The best example of this is probably James Burke’s Connections series. Watch the series. He actually tells you what that has to do with the price of tea in China and gives you an idea of what the long-view can do for how your see the world.
So what does all of this have to do with the current presidential elections? As we all know, this election is out of control. Pundits and extremists on both sides have predicted chaos will follow if “their” candidate isn’t elected.
But if you take the long-view, however, the chaos has started. It actually started decades ago, if not in the fall out of World War 1, which was itself a consequence of our on-going shift from agrarian to industrial one and now to automation.
More importantly for this election, people are losing jobs and those jobs aren’t coming back regardless of campaign promises. The jobs of the future haven’t jelled yet so we don’t know where to go for deliverance. It’s a normal part of the ebb and flow of society but it’s unsettling. Hence the anger, the preppers, the mass shootings, the rioters, the people quietly googling “where should I live after Nov. 6?"
One problem is it’s hard to see the long-view amidst chaos, and many people don’t even look for it.
Business focus on the next quarter.
Politicians focus on the next election.
People focus on the next weekend.
Few of us are looking beyond the immediate pain to see where we’re going and lay foundations to get there. Instead, they want a quick fix and assurances that they will be safe. This is why guns, bunker manufacturing, food preservation and training for the apocalypse have become multibillion-dollar industries.
Trump’s appeal lies in his outsider role and promises of quick fixes. He’s cast himself as the lone wolf hero (a very American literary archetype) and makes it OK to lay the blame for the chaos on whatever scapegoat you choose. And it’s very nice to have someone to blame…whether it’s Christians in Ancient Rome, Jews in Medieval Europe, Witches in early modern times or Communists in McCarthy’s America.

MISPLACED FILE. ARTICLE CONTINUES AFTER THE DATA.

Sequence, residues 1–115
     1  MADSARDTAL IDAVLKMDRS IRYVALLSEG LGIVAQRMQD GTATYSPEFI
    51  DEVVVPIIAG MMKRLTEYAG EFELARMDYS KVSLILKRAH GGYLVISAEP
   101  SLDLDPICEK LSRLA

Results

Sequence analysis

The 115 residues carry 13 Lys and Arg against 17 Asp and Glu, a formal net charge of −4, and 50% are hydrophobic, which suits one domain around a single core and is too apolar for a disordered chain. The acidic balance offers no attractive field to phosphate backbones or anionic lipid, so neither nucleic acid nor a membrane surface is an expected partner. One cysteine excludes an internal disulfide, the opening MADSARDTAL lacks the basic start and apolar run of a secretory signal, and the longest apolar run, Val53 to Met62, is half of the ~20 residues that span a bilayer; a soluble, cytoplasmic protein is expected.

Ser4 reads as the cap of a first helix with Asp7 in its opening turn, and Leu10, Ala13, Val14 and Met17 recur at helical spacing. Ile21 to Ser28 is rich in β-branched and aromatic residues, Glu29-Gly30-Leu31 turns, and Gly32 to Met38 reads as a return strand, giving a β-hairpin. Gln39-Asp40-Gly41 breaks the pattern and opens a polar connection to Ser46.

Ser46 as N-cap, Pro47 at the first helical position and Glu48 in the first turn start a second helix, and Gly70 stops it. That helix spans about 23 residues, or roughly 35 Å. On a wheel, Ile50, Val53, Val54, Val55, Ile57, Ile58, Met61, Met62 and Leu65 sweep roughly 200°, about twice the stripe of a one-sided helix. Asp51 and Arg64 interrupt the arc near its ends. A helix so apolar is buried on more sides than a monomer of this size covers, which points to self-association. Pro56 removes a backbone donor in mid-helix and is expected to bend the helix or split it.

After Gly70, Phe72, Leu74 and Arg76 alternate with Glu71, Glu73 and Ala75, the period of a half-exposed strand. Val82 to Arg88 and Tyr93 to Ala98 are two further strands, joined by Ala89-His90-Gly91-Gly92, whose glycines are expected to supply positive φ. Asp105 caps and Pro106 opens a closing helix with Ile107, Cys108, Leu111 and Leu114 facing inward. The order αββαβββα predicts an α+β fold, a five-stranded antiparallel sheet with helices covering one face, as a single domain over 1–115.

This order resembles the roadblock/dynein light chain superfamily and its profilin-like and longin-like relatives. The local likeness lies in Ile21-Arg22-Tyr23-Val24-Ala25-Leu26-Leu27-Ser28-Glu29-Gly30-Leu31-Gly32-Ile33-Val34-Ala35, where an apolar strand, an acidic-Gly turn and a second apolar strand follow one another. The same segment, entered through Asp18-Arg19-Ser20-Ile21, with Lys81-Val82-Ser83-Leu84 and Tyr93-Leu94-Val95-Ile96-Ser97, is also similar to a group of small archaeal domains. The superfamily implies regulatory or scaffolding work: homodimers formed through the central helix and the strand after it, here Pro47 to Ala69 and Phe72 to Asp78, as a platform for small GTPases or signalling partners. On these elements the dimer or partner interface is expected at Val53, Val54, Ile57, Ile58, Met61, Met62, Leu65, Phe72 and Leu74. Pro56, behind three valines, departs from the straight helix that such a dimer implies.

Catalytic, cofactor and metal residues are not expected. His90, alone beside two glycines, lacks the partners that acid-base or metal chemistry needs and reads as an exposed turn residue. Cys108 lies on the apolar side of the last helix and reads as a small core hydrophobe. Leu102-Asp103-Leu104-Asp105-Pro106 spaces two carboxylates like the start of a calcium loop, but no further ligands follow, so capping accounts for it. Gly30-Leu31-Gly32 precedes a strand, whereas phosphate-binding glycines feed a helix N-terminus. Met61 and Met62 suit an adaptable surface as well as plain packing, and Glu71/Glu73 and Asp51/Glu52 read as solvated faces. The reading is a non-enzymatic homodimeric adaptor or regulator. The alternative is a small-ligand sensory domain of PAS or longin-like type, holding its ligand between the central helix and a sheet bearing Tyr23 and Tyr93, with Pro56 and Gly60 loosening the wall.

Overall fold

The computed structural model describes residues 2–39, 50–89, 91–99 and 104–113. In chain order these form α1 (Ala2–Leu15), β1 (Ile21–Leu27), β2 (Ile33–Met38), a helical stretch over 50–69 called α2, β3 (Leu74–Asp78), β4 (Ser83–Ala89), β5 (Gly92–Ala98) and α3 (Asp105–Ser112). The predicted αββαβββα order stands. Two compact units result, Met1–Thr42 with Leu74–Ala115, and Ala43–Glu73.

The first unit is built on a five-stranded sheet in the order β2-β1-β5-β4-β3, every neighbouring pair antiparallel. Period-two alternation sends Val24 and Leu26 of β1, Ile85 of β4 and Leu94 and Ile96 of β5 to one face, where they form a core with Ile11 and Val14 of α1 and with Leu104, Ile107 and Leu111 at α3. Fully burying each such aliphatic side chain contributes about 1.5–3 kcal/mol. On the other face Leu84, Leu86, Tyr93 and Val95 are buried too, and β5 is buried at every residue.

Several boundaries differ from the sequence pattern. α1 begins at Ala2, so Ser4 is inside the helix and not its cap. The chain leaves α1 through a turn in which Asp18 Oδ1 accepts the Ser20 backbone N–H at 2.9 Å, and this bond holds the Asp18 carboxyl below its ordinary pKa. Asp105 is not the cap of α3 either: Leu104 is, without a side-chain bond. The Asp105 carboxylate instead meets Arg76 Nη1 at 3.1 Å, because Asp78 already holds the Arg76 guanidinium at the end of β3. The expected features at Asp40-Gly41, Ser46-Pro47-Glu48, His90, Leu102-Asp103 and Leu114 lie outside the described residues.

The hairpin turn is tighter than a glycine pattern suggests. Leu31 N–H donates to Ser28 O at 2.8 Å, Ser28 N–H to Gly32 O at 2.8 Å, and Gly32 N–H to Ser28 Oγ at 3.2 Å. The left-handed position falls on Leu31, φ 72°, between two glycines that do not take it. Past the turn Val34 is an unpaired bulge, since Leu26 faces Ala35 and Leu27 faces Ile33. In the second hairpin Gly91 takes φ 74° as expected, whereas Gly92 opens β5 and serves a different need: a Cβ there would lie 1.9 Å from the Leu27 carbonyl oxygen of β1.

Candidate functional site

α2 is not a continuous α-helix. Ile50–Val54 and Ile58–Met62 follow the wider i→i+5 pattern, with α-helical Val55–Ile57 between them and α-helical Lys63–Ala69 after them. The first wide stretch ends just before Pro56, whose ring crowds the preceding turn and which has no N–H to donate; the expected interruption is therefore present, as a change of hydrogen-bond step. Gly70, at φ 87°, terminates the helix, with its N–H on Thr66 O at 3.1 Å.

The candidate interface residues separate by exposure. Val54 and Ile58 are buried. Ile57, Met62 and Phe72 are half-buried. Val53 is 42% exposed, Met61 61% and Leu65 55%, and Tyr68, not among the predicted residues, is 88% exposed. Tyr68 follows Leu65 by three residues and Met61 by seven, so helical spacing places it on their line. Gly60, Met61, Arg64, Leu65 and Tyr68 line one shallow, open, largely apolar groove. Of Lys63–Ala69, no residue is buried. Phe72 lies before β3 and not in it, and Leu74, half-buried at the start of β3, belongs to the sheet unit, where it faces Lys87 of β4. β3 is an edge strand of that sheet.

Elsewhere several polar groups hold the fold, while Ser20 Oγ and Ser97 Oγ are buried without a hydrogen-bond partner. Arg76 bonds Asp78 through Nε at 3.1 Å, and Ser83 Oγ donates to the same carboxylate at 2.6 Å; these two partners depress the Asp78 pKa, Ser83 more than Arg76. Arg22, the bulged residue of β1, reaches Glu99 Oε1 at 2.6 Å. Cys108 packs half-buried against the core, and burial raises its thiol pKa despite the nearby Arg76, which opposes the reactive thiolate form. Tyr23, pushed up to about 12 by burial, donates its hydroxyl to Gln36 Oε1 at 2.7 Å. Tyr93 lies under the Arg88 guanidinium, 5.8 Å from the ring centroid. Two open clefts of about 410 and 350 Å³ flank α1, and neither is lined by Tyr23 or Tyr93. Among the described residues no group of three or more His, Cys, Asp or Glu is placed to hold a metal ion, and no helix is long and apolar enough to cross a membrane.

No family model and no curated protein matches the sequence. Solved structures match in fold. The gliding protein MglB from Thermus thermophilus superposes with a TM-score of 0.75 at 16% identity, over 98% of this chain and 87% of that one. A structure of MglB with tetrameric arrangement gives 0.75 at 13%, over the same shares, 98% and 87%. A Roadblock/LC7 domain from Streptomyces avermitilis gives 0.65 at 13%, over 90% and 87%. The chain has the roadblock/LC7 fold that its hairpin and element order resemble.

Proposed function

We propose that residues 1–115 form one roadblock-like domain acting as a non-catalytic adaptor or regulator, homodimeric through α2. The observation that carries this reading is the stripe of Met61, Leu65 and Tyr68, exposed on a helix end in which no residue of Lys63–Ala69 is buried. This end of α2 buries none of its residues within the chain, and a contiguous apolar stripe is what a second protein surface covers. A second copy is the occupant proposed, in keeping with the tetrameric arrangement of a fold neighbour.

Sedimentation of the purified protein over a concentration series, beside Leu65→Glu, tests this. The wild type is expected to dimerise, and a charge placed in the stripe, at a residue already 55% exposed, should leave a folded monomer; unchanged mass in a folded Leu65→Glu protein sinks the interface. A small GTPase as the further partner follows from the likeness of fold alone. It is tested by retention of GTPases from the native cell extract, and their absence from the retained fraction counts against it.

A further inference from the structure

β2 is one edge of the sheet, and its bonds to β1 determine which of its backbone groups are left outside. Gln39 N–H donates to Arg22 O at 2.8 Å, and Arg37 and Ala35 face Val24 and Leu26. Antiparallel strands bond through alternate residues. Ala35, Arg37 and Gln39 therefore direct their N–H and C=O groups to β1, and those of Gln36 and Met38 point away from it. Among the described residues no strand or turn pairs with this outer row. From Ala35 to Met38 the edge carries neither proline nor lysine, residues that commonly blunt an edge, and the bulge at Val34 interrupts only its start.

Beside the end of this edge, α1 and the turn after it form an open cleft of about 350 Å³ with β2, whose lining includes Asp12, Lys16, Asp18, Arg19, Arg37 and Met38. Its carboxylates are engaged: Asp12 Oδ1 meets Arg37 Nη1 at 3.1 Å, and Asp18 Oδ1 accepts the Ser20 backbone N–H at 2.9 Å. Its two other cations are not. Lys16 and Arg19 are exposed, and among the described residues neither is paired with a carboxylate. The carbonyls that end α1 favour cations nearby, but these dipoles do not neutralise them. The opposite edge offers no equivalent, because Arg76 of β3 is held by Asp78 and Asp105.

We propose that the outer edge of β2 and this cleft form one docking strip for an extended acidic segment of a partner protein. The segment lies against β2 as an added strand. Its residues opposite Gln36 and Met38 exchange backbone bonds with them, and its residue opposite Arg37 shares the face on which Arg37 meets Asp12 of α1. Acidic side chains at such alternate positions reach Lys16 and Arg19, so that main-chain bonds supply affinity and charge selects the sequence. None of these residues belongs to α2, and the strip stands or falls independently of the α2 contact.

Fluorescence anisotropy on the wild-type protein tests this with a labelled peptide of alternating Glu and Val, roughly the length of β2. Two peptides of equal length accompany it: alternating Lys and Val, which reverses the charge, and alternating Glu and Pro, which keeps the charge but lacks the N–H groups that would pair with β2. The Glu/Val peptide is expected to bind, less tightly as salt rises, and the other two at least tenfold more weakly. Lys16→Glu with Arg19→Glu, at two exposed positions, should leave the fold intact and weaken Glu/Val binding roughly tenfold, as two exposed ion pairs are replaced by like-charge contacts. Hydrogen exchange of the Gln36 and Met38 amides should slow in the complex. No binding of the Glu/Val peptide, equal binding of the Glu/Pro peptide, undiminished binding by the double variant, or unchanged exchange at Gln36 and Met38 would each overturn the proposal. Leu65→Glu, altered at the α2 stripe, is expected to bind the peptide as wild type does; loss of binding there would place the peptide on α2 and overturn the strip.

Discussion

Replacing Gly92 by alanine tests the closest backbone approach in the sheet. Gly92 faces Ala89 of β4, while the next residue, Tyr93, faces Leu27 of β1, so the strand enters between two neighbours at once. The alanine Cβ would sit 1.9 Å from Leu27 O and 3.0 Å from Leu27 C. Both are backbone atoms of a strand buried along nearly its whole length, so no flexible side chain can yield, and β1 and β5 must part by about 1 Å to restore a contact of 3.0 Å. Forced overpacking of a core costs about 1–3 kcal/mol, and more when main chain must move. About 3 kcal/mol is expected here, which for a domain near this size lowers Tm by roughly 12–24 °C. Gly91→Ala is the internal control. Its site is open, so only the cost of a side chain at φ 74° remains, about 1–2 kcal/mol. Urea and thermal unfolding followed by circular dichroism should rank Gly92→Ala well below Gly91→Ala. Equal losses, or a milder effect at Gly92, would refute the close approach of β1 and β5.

As a woman, the misogyny that’s erupted around this campaign reminds that it’s easy to lose rights, even those pledged to us.
My area of study is the 12thcentury, the era of Eleanor of Aquitaine, Empress Matilda, and some men you might have heard about, Henry II (son of Matilda and husband to Eleanor) and Richard the Lionhearted (son of Eleanor and husband to no woman).
Matilda was the only legitimate daughter of King Henry I, who had upward of 20 illegitimate children. His son and heir, William, drowned when the White Ship burned and sank in the English Channel in 1120, throwing the succession into chaos.
At the King’s urging, the barons vowed to support Matilda as “king,” but when the time came to crown her in 1140, her cousin Stephen of Blois raced to Winchester and had himself crowned before the pregnant Matilda could arrive. Enough of the nobility broke their vow and supported Stephen that civil war followed.
By summer of 1141, she was winning. Then the chatter started. Chroniclers tell us that Matilda:
- Displayed “intolerable pride and willfulness”
- Possessed an “extremely arrogant demeanor instead of the modest gait and bearing proper to the gentle sex”
- Was “lifted up into an insufferable arrogance”
- “Alienated the hearts of almost everyone”
- Was “unfemininely willful and unnaturally domineering”
For the record, I have problems with Clinton. I think her vision is small, short-term and unprogressive. But I also think history will be kinder to her than her peers have been. History takes a long-view and knows when it’s seen this shit before.
Most importantly, though, history also tells us not to despair. Chaos ends, just as fat and happy times pass.
Even in the midst of The Black Death, people still married, still made wills, still sued their neighbor for diverting his sewer into their backyard. On the Camino, you’ll see all types of graffiti but one of the most common phrases is: LIVE YOUR LIFE.
So even as chaos rages, be kind, have faith, and live your life.